Census 2020: Taking a 15-Minute Survey Will Bring Money to Slo County Schools, Hospitals and Law Enforcement
That’s the main message behind the County of San Luis Obispo’s 2020 Census Outreach Project.
Every 10 years, the U.S. Census Bureau conducts an accurate count of the population. In early January, SLO County officials joined in the effort by forming a committee of representatives from local schools, cities and nonprofits. Together they are leading the charge to count every man, woman and child in the county starting on April 1.
Why? It all comes down to funding and government representation. The data collected by the Census will be used to determine the number of seats each state has in the U.S. House of Representatives, as well as for redistricting state, county and city government. Additionally, the federal government will use the data to allocate funding to the state and county for schools, crime prevention, healthcare and other public services. For reference, San Luis Obispo County received approximately $74.7 million in federal funding in fiscal year 2017-2018.
Our county benefited from a high response rate in 2010, something officials are committed to replicating in 2020. However, there are some changes that might make doing so a challenge. For the first time ever, the U.S. Census is going online.
According to an article on Wired.com, “If the bureau’s plan works, a digital census could make the count more inclusive and, eventually at least, help cut costs—the 2010 census was the most expensive in U.S. history, costing more than $12 billion.”
Going digital sounds like a win-win for survey takers and recorders, but the switch involves training both sides how to effectively use the new technology and adhere to strict privacy protections. Beginning in mid-March, households across the United States will be invited by mail or phone to log in online to take the Census.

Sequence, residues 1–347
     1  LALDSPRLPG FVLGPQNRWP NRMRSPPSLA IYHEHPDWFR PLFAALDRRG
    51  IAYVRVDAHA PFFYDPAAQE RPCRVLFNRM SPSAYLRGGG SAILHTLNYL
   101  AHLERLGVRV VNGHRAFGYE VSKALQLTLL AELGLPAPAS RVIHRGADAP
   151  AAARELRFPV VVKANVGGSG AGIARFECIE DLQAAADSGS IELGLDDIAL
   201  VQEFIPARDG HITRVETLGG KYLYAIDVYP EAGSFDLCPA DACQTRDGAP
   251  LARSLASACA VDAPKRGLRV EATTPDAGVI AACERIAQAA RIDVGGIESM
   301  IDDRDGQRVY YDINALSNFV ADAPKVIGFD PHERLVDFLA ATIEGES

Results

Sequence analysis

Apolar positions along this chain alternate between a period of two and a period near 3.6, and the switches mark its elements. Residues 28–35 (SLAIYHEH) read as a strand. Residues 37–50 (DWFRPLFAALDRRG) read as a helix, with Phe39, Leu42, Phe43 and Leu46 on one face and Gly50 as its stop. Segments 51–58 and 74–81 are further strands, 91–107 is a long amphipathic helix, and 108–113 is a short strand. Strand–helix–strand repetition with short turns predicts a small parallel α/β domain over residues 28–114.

Of course, not all households are the same. A large portion of SLO County residents are renters, living with roommates or in multi-family households (or all of the above). In this case, one person acting as the “head of household,” such as a landlord or the primary bill payer, must take the Census for everyone on the property. And it’s important to count everyone—babies, toddlers, teens, adults and seniors.
To further ensure it captures an truly accurate portrait in SLO County, the Complete Count Committee is working with agency partners and Verdin to reach hard-to-count populations, including students, Spanish speakers, homeless individuals, seniors and people living in remote areas.
We are in the process of developing welcoming and informative marketing materials for all of these underserved communities that explain how to participate in the Census and why an accurate count benefits everyone. Stay tuned for more details!